Nasi goreng (Indonesian / Malay fried rice)

Nasi goreng (Indonesian / Malay fried rice)

Back in college, there was a restaurant in the Diliman area called Rasa Singapura. That was where I had my first taste of nasi goreng. It is tempting to categorize this entry under “Singaporean recipes” but nasi goreng more properly belongs to Malaysian and Indonesian cuisines. It is fried rice cooked in much the same way as any Chinese-style fried rice except that the most popular versions of this dish include a little bit of shrimp paste — belacan (sometimes, belachan) to Malaysians; bagoong to us Filipinos. The desire to cook nasi goreng was a good excuse to buy a bottle of bagoong, something I don’t touch because of an allergy to crustaceans. But my allergy is no reason why my husband and kids cannot enjoy this wonderful Southeast Asian dish.

You will find many, many variations of nasi goreng. It is, after all, a dish that often makes use of leftover rice, meat, seafood and vegetables. The following recipe was adapted from Homestyle Malay Cooking, a part of the Periplus Mini Cookbooks series.

Recipe: Nasi Goreng


  • 4 cups of cooked rice (room temperature or chilled)
  • 12 medium-sized shrimps, shelled and veins removed
  • 3 boneless chicken thighs, cut into 1-inch cubes
  • 12 to 15 string beans (I used baguio beans)
  • half a head of garlic
  • 2 finger chilis
  • 1 onion
  • 1 stalk of lemongrass (light portion only)
  • 1/2 tsp. of shrimp paste
  • 1 tsp. of salt (or to taste)
  • freshly ground pepper (optional but recommended for added aroma)
  • 4-6 tbsps. of cooking oil


  1. Slit the chilis lengthwise and scrape off the seeds. Chop.
  2. Crush the garlic and discard the skins. Peel and chop the onion. Peel the outer layers of the lemongrass, discard then thinly slice the tender portion.
  3. Trim the ends and edges of the beans and cut into half-inch lengths.
  4. Transfer the chilis, lemongrass, garlic and onion to a mortar, add a little oil, and grind with a pestle.
  5. Alternatively, place in a blender, pour in the oil and pulse several times to form a paste.
  6. Transfer the paste to a wok (or frying pan) and cook over medium heat until the oil separates from the semi-solids (or saute the paste in oil if you ground it in a mortar). Turn the heat to high, add the cubed chicken and cook, stirring, for about five minutes. Add the shrimps and cook for another minute. Add the beans. Season with salt, pepper and bagoong. Cook for an additional minute.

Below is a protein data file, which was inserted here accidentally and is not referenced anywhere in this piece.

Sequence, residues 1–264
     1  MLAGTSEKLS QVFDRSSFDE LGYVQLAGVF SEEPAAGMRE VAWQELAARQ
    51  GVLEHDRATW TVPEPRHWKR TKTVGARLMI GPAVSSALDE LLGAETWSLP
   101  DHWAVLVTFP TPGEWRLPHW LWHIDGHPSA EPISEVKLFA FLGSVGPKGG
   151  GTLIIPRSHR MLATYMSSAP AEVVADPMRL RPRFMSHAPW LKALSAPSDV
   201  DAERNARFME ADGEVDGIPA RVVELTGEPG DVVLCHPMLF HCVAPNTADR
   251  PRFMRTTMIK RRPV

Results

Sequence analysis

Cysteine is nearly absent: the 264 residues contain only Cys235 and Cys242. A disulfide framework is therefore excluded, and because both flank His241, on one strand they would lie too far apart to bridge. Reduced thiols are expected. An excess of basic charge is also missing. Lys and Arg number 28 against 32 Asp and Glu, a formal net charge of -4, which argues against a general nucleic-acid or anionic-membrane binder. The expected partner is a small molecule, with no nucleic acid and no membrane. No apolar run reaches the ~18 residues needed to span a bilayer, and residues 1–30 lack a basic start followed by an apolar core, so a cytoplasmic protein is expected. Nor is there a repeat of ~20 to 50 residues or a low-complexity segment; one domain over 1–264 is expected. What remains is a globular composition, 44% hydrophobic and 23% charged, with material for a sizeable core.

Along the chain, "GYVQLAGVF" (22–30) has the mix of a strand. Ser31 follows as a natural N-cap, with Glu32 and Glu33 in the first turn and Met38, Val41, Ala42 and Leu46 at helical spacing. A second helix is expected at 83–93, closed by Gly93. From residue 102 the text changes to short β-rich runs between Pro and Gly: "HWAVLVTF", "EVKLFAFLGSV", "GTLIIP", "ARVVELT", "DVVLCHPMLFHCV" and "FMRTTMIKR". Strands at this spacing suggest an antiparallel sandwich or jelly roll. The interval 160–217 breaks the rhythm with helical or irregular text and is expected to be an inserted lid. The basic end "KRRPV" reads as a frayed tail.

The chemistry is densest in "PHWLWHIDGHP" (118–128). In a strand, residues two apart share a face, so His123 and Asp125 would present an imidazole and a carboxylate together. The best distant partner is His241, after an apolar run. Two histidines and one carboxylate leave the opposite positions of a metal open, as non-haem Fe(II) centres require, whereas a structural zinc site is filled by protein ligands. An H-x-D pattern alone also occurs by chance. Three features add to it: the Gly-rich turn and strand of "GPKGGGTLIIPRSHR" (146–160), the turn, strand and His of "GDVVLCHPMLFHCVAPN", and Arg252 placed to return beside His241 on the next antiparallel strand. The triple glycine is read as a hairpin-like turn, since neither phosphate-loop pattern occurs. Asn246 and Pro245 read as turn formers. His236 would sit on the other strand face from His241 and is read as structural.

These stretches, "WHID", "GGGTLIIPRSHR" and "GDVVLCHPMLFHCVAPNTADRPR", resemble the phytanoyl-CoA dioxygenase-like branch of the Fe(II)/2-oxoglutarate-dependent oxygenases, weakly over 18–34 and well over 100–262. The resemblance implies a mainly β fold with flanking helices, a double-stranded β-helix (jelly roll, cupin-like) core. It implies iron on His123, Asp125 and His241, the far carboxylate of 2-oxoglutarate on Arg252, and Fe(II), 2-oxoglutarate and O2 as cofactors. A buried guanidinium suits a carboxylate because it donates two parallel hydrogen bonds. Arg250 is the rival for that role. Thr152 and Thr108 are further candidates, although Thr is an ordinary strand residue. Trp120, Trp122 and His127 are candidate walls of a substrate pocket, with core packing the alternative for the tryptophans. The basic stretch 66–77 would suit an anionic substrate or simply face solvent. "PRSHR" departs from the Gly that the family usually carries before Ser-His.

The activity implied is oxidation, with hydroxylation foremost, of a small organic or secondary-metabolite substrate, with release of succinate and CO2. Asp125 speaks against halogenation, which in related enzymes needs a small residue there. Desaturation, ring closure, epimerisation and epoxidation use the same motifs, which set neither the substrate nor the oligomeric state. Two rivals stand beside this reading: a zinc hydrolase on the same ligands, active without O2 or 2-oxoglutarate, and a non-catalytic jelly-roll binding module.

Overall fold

7. Add the rice, stir well, and cook until heated through. Nasi goreng (Indonesian / Malay fried rice)

Preparation time: 10 minute(s)

Cooking time: 10 minute(s)

Number of servings (yield): 3

Connie Veneracion

Hello, my name is Connie Veneracion. I cook, I shoot, I write. But I don't do the laundry. I don't like housekeeping very much either... (more about me)

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7 Responses

  1. noemi says:

    they even have nasi goreng seasoning here in the state.

  2. i remember my nasi goreng days in singapore. perfect breakfast of rice cooked in coconut, dilis toppings, hot sauce, fried egg, chicken wing and SPAM.

    the secret is in the hot sauce and the coconut flavored rice. people in singapore line up for up to an hour to buy a S$2 nasi goreng packet that they will eat in 5 minutes.

  3. Rose says:

    BatJay, I think what you’re describing is nasi lemak, not nasi goreng :)

  4. Connie says:

    Noemi, that’s convenient hehehe

    May coconut? Wow, will do that next time and ditch the bagoong hahahaha Whatever its name is LOL

  5. The key of Indonesian Nasi Goreng is sambal terasi (dried shrimp paste sambal)

  6. emilia says:

    I like nasi goreng so much!!! My mom used to make nasi goreng as our breakfast when i was in a primary school.. Miss mom’s cook nasi goreng so much!!

  7. budji says:

    I like my nasi goreng with tomato sauce or kicking hot chili sauce (sambal) like the way Indonesians cook it, hot hot, especially in Bali. Yum yum

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